An international team of scientists has presented two studies that suggest the divergence point between chimpanzees and humans took place in the Eastern Mediterranean rather than East Africa. Their findings, published in PLOS ONE, are based on two fossils of the species Graecopithecus freybergi, which were discovered in Greece and Bulgaria and have now been dated to between 7.2 and 7.1 million years ago.

Previously, scientists had thought hominins and chimps split between seven and five million years ago, with the first in the hominin line emerging in Africa. But these fossils, scientists say, tell a different story about the onset of human evolution.

Both fossils—a lower jaw and an upper premolar—were examined using state-of-the-art computer tomography, allowing the scientists to look at their internal structures.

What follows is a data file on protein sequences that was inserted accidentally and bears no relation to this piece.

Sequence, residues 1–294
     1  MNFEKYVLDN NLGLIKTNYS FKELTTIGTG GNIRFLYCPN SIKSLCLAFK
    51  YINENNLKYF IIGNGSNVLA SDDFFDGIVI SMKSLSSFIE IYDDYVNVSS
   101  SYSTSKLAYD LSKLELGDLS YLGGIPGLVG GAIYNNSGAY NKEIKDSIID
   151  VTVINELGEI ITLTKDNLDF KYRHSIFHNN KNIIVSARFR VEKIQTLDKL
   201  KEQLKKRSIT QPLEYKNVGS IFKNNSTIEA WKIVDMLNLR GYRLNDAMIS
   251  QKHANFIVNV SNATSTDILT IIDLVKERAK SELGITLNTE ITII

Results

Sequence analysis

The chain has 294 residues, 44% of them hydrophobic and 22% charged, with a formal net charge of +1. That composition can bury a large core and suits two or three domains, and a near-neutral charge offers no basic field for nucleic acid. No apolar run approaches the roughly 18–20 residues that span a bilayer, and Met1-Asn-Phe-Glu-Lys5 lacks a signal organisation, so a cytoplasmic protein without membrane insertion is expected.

Their findings showed the teeth are fused in a way that is characteristic of early humans, including Ardipithecus and Australopithecus, the latter of which the famous Lucy fossil belongs to. The jawbone also had dental root features that appear to belong to a pre-human rather than to an ancient chimp.

7.24 million year old upper premolar of Graecopithecus from Bulgaria. Wolfgang Gerber, University of Tübingen

This raises the possibility that the fossils represent the oldest hominin ever discovered and that the “major splits in the hominid family occurred outside Africa,” they wrote.

Researchers say environmental changes caused the divergence and used geological analysis to reconstruct the conditions from the Sahara to the Mediterranean during this time. They showed that the desert would have spread far into Southern Europe, creating a barrier between Africa and the locations where Graecopithecus was found.